• … and integrate all of this into a comprehensive RFP for your manual review

Once you have this RFP, you need to determine if you still want to invite the supplier, especially if you have more potential suppliers than you really need.

And, right now, platforms don’t help you here at all.

You see, you only want to invite the supplier if there is a chance you will actually make an award to the supplier in this, or a future, event. If the quality is too low, the prices are too high, the necessary services do not exist, or the necessary culture is not present, the RFP process will be a waste of time on both sides.

Now, you might say that there’s no way to know this before going through the RFP, but is that really the case?


But we’ll take this up in the next part of this series.

RFX Creation – Kicking You When You Are Down (Part I)

If you are an outside observer of the S2P space, like an enterprise software analyst that covers the more traditional enterprise spaces like (ERP, AP, CRM, etc. ), you might wonder how in this day and age a startup that just offers e-RFX, e-Auction, and basic SIM — technology that has been around for 20 years — could not only survive, but in the case of some new entrants like ScoutRFP and Bonfire (which only have a fraction of the breadth and depth of the market leaders, see their analyst rankings in Spend Matters SolutionMaps) thrive!

Well, it all comes down to usability, efficiency, and effectiveness. Most of the first, and even second, generation platforms only focussed on the third measure of effectiveness, and only measured it from a financial ROI perspective on completed events (not on adoption, categories under management, suppliers under management, etc.). Efficiency only mattered from the viewpoint of the implementation or services team (and only to the degree necessary, if billable hours was a major revenue center, and the teams were keeping up, then efficiency was good enough). And usability, well, the software was digital and that was better than paper — so whatever the platform provided was deemed good enough.

But it wasn’t. And we don’t need to offer any proof. ScoutRFP and Bonfire wouldn’t exist if it was, and niche plays like EC Sourcing would not have not have quietly grown from niche players to full S2C offerings with a constantly expanding customer base that is as large as some of the more prominent S2P players (which, despite the abundance of marketing they throw in your face, only have a few hundred customers).

So why does RFX creation in most platforms kick you when you are already down (in the mud trying to scavenge for potential suppliers, as per our last two pieces on supplier discovery)?

First of all, when it comes to basic supplier qualification RFIs:

  • most platforms have limited templates when it comes to the data you need to collect for regulatory compliance
  • you have to manually identify which templates you will need to collect necessary organizational data, regulatory data, location and production data on the supplier
  • search is limited and determining which templates, generally incomplete, you can start from is difficult
  • new template construction (to build what is not present) or existing template modification is usually painful as it is not responsive drag and drop as it was developed using old-school frameworks on older versions of HTML and not kept up to date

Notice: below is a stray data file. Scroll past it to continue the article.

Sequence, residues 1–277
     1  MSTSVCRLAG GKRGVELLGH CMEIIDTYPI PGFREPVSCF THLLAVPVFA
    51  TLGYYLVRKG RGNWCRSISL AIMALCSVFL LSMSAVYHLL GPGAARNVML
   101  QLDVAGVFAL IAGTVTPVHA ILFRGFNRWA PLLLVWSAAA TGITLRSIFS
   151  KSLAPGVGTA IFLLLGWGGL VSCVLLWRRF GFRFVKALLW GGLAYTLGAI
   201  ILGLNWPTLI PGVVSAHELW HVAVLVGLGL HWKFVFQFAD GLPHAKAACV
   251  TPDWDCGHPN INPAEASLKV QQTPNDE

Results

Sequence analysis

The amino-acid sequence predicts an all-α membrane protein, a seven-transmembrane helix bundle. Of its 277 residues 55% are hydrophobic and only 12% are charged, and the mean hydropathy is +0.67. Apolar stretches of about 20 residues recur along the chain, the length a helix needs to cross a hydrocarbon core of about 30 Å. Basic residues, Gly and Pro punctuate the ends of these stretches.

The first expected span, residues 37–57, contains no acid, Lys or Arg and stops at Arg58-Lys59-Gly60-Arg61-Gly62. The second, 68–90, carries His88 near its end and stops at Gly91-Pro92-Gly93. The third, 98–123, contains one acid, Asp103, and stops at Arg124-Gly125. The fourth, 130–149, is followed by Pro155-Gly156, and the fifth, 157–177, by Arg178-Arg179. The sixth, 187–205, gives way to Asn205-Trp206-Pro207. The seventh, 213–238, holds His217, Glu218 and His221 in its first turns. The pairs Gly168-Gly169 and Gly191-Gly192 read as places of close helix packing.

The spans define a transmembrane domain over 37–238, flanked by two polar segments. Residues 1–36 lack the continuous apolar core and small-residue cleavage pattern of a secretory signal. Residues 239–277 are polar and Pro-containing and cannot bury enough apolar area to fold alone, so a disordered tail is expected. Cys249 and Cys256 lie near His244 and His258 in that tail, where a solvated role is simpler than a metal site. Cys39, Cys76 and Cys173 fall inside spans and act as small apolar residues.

• you have to manually define gating and scoring scales on each template individually
  • there is limited workflow and you often don’t have the ability to define logical, conditional, workflows which will block a supplier as soon as a mandatory requirement is not met or include a template that is only required if a certain process or restricted material is used — which means you often have to go through multiple rounds (as you can’t ask a supplier to fill out anything not necessary or they won’t even answer the first email)
  • there is limited or no auto-scoring and many fields have to be scored manually

In comparison, a more modern platform will:

  • either provide templates, a repository, or integrations to partners that have the templates you need (or make it easy to auto-build them from document or spreadsheet imports)
  • will index core data requirements, compliance requirements, and industry requirements against products and services you source and automatically identify which data and templates will be required
  • automatically search your library to suggest starting template (sections)
  • help you build templates for newly identified requirements
  • allow you to build, modify, and conditionally link templates in a workflow using drag-and-drop and responsive design
  • automatically define critical gating questions based on organizational policy and mandatory compliance requirements and make it easy for you to define additional gating questions
  • allow for the definition of auto-scoring across all fields and RFI sections
  • auto-score each RFI response for you

Complex RFIs that used to literally take days (upon days) to build in the first (and second) generation platforms can now be built in a matter of hours. (We’ve heard multiple, verifiable, stories of some companies that used to spend two days building an RFX on Industry Leading Platform X switching to someone like EC Sourcing and building the same RFX in 15 minutes. That’s why one of the industry leaders released a brand new, slimmed down, redesigned platform targeted at the mid-market last year. You might want the power of tank, but if it takes way too long to get from 0 to 60, you’ll never use it when everyone else has fighter jets that get to the destination first.)

But if only this was the whole story!